---
categories: String data structures
---
A trie is a data structure that allows quick searches in a dictionary.
Concretely, searching for a word of length $n$ in a trie has a complexity of
$O(n)$, and building a trie has a complexity of $O(L)$, where $L$ is the total
length of the words in the dictionary.
A trie is a tree rooted at an empty node, and in which each way from the root
to a leaf represents a word in the dictionary. In order to accomplish this
task, a node at depth $k$ represents a substring of length $k$, that is the
substring represented by the direct ancestor of the current node plus an
additional character. Of course, the root represents the empty string. If a
certain node represents a whole word in the dictionary, an additional flag
should be used to mark this fact.
## Applications
Tries can be used to compute [longest common prefix](Longest common prefix),
[longest common suffix](Longest common suffix), [longest common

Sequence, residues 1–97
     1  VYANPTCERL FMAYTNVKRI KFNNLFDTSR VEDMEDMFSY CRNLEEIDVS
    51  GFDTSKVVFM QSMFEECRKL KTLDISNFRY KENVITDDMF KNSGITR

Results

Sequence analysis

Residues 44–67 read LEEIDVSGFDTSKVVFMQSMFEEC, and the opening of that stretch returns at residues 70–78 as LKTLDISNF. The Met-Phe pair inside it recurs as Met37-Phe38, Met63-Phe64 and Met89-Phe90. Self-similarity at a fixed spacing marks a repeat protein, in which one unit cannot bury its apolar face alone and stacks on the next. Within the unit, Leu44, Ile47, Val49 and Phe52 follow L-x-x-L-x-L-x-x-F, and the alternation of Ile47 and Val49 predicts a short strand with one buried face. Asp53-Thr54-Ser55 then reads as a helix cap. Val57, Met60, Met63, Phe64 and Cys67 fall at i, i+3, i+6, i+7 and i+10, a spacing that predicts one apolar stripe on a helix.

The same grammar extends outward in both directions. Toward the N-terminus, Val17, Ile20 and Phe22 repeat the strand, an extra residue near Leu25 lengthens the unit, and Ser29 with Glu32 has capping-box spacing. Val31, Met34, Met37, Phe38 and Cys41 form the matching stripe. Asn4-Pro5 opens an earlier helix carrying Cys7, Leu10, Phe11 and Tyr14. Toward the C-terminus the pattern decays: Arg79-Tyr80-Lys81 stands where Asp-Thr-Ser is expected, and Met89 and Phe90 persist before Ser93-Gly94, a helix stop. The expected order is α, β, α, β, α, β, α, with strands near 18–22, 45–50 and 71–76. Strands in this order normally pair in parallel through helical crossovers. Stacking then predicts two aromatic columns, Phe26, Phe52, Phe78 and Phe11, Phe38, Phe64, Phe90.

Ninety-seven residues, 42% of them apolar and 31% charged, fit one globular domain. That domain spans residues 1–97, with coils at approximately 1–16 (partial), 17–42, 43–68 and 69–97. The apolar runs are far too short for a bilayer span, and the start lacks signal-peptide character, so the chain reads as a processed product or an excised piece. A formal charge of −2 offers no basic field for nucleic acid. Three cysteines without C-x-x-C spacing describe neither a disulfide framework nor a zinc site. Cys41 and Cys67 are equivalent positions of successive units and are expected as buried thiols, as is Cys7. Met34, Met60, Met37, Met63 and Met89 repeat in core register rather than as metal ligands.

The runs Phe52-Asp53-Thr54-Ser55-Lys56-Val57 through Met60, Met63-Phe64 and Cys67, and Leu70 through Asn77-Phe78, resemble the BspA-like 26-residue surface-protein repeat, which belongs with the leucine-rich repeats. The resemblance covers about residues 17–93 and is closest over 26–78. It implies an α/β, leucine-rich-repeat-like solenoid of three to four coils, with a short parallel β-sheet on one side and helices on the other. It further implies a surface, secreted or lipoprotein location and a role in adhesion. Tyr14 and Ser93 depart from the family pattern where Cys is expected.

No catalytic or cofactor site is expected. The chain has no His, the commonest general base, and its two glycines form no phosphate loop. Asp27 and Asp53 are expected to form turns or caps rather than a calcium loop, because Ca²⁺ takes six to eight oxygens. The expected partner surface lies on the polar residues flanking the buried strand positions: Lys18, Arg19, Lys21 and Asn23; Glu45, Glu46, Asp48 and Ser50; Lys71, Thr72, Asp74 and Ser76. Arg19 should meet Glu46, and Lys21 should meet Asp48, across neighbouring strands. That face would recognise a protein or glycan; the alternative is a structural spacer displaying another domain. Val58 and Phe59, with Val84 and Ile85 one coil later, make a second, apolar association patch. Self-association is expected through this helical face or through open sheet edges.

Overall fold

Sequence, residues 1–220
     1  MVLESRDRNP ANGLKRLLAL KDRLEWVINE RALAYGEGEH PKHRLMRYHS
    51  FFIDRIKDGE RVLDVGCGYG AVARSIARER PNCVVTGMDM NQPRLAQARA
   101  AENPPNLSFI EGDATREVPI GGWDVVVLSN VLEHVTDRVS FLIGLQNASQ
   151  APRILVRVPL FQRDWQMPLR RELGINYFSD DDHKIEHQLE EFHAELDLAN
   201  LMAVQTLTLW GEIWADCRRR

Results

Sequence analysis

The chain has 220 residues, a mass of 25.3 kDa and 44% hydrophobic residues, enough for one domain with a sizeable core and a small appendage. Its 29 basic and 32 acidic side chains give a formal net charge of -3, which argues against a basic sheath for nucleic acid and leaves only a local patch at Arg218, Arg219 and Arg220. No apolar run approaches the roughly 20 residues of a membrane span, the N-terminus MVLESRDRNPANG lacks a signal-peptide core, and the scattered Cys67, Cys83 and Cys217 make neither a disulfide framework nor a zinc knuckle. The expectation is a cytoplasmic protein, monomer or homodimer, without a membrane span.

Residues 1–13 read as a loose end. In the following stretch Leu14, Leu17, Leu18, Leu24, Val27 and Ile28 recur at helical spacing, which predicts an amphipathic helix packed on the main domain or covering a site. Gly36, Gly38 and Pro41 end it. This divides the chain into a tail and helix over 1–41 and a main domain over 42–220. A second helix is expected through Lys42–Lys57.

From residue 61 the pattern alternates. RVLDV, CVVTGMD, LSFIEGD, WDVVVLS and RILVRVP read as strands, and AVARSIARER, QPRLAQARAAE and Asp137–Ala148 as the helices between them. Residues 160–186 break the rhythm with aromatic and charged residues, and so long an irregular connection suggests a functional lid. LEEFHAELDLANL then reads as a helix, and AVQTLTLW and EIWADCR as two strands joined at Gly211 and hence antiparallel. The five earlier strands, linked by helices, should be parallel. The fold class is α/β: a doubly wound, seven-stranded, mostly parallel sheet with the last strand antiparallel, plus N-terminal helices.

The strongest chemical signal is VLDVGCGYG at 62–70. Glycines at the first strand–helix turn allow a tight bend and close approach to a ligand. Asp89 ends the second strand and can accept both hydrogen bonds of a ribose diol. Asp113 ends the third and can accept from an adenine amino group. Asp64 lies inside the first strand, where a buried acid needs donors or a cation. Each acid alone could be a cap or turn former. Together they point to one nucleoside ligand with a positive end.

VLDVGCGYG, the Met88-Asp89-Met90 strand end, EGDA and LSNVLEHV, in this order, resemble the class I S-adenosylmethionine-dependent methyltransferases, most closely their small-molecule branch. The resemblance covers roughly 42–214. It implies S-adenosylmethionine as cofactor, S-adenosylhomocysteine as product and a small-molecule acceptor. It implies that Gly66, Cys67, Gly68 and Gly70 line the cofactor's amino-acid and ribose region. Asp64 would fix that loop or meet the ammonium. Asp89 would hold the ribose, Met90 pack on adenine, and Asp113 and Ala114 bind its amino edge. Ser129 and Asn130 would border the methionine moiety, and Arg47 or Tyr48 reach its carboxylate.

substring](Longest common substring), [string matching](String matching), and
[string matching with mistakes](String matching#variants), to name a few applications.
By [augmenting](Data structure augmentation) tries, it can be made into a very
flexible data structure. See problem [Xor Queries](#problems) for an example.
## Variants
When all [suffixes](String#definitions) of a string are inserted into a trie, the
trie is called a [suffix trie](Suffix trie). This has time and memory
complexity $O(n^2)$, where $n$ is the length of the string. [Suffix
trees](Suffix tree) achieve this in $O(n)$ time and memory by not explicitly
storing all nodes of the trie.
## Implementation in C++
~~~{.cpp}
class Trie{
struct node{
node *next[26]; // Assuming alphabet 'a'-'z'
bool end;
node(){
for(int i=0;i<26;i++)next[i]=this;
end=0;
}
};
node *begin;
public:
Trie(){
begin=new node();
}
void insert(const string &s){
int n=s.length();
node *cur=begin;
for(int i=0;inext[s[i]-'a']!=cur)
cur=cur->next[s[i]-'a'];
else{
node *aux=new node();
cur->next[s[i]-'a']=aux;
cur=aux;
}
}
cur->end=true;
}
bool find(string &s){ // returns true if s is in the input dictionary.
int n=s.length();
node *cur=begin;
for(int i=0;inext[s[i]-'a']!=cur)
cur=cur->next[s[i]-'a'];
else return false;
}
return cur->end;
}
};
~~~
## Problems
- [Bing It On](https://open.kattis.com/problems/bing)
- [Phone List](https://open.kattis.com/problems/phonelist)
- [Xor Queries](https://www.codechef.com/problems/XRQRS) [^1]
## External links
- [Tutorial on Trie and example problems](https://threads-iiith.quora.com/Tutorial-on-Trie-and-example-problems)
[^1]: